I make it a point to almost never read other writers unless I am doing research on an artist that I may not be as familiar with as others. There are some artists that are a pure joy to discover without the slightest pre-conceived notions that come from outside influences and Kenny Shanker is one such artist. Originally recorded in 2009 but taking two and one half years for release has proven well worth the wait as Shanker's musical happy place is somewhere between post modern fusion and a more accessible straight ahead sound that others are just now catching on to.
Kenny Shanker's debut release for Posi-Tone is on the cutting edge of a more dynamic approach to straight ahead jazz. At times lingering in the hard bop outer reaches while at other times approaching an edgy fusion sound from the late 70's, Shanker is developing a unique artistic voice and is certainly a name to remember. One review was somewhat troubling while not intentionally misleading is certainly worthy of further explanation. www.exclaim/ca describes Shanker's tone and diction reminiscent of fusion pioneer David Sanborn. Of course taste is subjective and ten different listeners can walk away with ten different opinions, the quote " His tone and diction might remind you a bit of David Sanborn, a chief purveyor of smooth jazz " is terribly misleading. Smooth jazz is a radio format that official kicked off ten years after Sanborn released his first offering in 1975. To be factually correct if not historically responsible you can take some of the more commercial works of Wes Montgomery from roughly 1965 and these tunes easily fit the accepted definition by context that is smooth jazz. To play guilt by association with a genre that Shanker does not even remotely come close to is irresponsible at best and a gross over-generalization of a true rising star in the alto saxophone world. As someone that plays, Shanker's tone and articulation is far closer to a Phil Woods or Lee Konitz. As a soloist Shanker is a lyrical gifted player with a keen sense of harmonic development perhaps closer to a Sonny Stitt. Musical frames of reference are inherently unfair as I have stated many times and this may be the best instance of proving my point.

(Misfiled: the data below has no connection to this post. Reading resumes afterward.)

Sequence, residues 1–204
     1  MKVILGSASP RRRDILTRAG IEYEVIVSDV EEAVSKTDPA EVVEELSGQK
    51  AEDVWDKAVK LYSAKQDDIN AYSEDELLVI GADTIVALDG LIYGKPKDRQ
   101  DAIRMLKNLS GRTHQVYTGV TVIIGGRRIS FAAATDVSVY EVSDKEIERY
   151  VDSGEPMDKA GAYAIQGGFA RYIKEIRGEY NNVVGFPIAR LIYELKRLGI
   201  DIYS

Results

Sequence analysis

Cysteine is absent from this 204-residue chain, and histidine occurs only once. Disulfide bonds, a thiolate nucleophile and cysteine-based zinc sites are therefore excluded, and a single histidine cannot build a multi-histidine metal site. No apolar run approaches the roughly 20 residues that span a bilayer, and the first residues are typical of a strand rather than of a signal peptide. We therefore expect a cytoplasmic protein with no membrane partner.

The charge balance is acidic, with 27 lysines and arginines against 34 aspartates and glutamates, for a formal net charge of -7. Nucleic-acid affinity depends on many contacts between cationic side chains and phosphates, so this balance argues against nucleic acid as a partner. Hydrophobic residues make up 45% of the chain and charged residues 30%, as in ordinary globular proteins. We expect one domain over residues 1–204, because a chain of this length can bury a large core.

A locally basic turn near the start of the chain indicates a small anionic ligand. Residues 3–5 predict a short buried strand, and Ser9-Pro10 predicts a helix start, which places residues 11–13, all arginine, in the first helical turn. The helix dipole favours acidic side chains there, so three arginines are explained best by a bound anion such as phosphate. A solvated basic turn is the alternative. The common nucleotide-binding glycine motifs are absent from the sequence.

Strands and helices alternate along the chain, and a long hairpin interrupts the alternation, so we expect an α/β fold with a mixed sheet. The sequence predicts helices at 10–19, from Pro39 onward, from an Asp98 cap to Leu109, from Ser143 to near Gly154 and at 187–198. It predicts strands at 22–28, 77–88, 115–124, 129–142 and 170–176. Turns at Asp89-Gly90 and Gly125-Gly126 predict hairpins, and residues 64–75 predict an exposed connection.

While Shanker's compositions are deceptively subtle in their accessibility there is a far more complex melodic development occurring throughout Steppin Up including "Winter Rain" which takes on a bit of a hard bop bite with Art Hirahara's piano solo. "Firth and Berry" continues the hard bop feel while Shanker's keen sense of harmonic progression allows for a lyrical sense of purpose. "Sarah" is a soulful ballad that moves to the point of melancholy with some intimate solo work from both Shanker and pianist Mike Eckroth.
There is an intriguing zen like less is more approach to this release. Notes are not wasted and melodic lines are for the most part clean and straight ahead. Kenny Shanker is finding his own niche and has the musical foresight to know when to push forward and more appropriately when to reel it in, a gift that is hard to teach. Stepping Up is a first rate debut release, a captivating ebb and flow as Shanker makes his own musical identity known. A rock solid offering full of depth and texture. Kenny Shanker is destined to become a formidable force in the world of straight ahead jazz!
Track Listing: Winter Rain; Fifth and Berry; Rhapsody; Quirk; E. J.; Sarah; Prowl; Saints; Home Sweet Home; Somewhere.
Personnel: Kenny Shanker: alto saxophone; Art Hirahara: piano; Lage Lund: guitar; Yoshi Waki: bass; Brian Fishler: drums: Mike Eckroth: piano (4, 6, 10).